So, the mini-series got me thinking about something Dax Shepard has said on his podcast, “Armchair Expert with Dax Shepard.” During one of his episodes, Dax questions whether we, as a society, should ignore a person’s wrongdoings if that person contributes significantly to the world.
That question really resonated with me during the mini-series, because you have many journalists and radio personalities on the program pointing out how we, as music consumers, seemed to have completely separated R. Kelly’s personal life from his singing career. For decades!
And it’s so true. Amidst public allegations of child molestation and the production of child pornography, he sang at the opening ceremony of the 2002 Winter Olympics. And who can forget when he secretly married a fifteen-year-old Aaliyah after his team procured fraudulent documents to claim she was eighteen?
Sadly, he’s not the only talented person who’s been able to remain successful amidst disturbing sexual allegations. Think about Michael Jackson. Think about Elvis!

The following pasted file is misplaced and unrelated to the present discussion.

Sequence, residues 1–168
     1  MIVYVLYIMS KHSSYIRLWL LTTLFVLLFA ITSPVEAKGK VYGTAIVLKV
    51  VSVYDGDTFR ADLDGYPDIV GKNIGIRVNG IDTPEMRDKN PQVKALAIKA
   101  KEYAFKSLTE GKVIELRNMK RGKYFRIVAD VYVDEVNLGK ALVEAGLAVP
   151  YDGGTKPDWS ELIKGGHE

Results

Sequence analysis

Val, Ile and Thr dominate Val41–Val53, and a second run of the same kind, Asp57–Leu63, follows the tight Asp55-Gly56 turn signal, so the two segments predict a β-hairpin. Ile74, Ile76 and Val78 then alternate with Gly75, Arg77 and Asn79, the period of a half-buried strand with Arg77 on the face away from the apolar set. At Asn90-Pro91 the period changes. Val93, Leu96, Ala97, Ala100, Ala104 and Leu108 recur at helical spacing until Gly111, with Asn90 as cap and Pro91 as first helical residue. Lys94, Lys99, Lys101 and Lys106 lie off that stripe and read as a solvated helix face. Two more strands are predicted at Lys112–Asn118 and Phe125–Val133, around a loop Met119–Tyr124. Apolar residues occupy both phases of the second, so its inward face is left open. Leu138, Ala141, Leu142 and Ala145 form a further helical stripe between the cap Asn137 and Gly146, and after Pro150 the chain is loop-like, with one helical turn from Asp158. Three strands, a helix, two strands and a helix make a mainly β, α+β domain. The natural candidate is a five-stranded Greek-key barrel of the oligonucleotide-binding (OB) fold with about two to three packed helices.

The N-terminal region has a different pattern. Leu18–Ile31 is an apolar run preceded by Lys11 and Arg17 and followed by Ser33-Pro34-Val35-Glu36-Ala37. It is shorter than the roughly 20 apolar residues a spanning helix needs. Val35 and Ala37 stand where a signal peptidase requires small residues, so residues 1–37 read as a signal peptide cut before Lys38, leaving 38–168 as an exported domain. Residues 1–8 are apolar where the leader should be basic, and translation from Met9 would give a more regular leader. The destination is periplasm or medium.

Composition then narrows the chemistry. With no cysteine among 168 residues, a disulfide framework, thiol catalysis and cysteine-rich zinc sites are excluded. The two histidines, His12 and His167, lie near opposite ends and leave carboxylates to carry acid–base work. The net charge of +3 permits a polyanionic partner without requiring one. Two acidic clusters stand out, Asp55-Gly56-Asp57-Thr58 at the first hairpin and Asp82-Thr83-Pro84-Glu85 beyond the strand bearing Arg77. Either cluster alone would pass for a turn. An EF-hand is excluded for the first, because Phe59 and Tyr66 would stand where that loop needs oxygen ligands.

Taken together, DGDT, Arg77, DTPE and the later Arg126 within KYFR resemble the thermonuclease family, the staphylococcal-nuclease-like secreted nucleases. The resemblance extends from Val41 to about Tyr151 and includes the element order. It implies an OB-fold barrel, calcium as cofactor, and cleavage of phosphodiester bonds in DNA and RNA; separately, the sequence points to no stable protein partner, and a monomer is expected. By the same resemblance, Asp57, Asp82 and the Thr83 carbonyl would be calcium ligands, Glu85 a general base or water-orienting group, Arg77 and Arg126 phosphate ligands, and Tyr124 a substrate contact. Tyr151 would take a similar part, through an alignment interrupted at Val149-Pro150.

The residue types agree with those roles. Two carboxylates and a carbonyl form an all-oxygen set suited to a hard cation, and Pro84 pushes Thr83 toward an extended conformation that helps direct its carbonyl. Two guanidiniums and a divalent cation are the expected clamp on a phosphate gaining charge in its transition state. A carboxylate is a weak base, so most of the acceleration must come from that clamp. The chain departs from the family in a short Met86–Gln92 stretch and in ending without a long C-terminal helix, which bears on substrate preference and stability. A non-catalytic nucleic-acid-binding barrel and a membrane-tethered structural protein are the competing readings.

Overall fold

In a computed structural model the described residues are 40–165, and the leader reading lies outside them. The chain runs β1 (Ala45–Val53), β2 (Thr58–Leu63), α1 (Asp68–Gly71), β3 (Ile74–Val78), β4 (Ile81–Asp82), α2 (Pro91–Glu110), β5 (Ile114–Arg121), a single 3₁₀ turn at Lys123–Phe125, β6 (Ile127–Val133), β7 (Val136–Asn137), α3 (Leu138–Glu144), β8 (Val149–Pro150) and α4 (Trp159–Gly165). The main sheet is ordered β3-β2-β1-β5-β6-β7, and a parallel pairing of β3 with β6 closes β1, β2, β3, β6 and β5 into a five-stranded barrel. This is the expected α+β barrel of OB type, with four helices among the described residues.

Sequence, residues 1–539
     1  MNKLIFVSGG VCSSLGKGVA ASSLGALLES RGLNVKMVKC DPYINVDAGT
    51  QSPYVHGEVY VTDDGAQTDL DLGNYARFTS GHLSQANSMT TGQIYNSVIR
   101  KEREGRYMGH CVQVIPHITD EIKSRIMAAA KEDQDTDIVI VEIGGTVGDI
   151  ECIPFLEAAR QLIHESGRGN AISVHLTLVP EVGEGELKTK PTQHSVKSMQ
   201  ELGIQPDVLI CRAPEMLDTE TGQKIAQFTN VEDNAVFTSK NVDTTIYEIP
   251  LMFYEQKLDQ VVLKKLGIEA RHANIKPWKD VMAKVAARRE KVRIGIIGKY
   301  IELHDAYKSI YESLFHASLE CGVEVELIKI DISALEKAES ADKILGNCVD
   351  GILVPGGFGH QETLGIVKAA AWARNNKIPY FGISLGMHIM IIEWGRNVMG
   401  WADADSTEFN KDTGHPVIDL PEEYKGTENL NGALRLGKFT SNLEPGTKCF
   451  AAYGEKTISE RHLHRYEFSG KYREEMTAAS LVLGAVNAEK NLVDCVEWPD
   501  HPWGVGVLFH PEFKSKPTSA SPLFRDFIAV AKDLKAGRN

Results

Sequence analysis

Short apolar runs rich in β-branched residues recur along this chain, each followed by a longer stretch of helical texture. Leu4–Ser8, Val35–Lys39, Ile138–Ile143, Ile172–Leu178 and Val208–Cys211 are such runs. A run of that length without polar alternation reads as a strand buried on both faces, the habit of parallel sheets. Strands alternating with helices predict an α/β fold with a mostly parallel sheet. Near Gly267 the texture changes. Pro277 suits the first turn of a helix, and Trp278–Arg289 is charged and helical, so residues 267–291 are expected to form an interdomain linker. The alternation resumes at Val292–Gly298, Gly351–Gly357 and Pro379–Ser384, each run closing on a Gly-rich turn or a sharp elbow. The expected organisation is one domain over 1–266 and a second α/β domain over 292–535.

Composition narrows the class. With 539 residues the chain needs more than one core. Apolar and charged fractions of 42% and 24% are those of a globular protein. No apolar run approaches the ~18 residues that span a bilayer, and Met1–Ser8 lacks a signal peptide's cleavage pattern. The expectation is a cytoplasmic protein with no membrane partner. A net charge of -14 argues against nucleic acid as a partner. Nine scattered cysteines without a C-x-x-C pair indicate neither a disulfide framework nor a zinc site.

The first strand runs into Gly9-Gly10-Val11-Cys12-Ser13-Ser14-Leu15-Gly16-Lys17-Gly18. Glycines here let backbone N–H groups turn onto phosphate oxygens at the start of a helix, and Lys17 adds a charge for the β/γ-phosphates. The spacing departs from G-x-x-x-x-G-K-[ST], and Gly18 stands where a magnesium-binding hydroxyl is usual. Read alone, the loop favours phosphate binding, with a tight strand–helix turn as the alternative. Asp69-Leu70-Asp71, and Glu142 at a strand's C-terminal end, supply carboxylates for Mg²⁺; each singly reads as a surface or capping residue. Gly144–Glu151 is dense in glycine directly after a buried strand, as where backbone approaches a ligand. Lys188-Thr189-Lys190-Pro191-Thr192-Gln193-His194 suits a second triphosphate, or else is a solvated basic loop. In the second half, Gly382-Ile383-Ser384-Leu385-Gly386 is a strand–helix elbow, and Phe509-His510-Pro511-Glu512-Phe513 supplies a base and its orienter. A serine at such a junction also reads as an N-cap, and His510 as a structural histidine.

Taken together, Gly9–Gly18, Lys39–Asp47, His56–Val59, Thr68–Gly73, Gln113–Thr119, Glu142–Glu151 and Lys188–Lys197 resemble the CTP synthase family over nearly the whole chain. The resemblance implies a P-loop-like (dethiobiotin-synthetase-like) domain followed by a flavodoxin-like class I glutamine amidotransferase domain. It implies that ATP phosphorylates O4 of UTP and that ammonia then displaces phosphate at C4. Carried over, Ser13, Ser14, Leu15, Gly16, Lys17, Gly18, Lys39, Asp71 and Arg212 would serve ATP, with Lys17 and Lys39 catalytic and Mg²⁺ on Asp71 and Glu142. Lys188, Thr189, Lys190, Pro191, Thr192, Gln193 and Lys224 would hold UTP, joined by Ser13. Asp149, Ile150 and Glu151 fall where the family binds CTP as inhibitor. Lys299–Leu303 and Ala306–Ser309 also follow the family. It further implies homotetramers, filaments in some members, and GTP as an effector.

The mini-series did a great job of highlighting our society’s willingness to ignore the bad in order to consume the good.
I can’t deny my love for R. Kelly’s music. “I Believe I Can Fly” was the first song I sang along to that made me cry. “Step in the Name of Love” (I always preferred the remix, myself)? “Happy People”? His collaboration with The Isley Brothers on “What Would You Do?” I mean, come on!
I’m a R&B super fan. How could I not love his music? His voice?
But why? Why, as an independent, educated, strong woman, have I continued to overlook the damage he’s allegedly done to so many women, just because I love his powerful voice??
Why wasn’t I disgusted? Concerned about his female victims? Demanding more from society?
Why did it take me until this mini-series to really consider Dax Shepard’s question in a very real, personal way?
I’m educated on the devastating impact that sexual, physical, and emotional abuse has on a person, and especially on children. Why isn’t that the very first thing I think of when one of his songs comes on?
Obviously, humans have an incredible ability to compartmentalize. We can even compartmentalize trauma in our own lives in order to continue functioning on a day-to-day basis. The need to do that is completely understandable.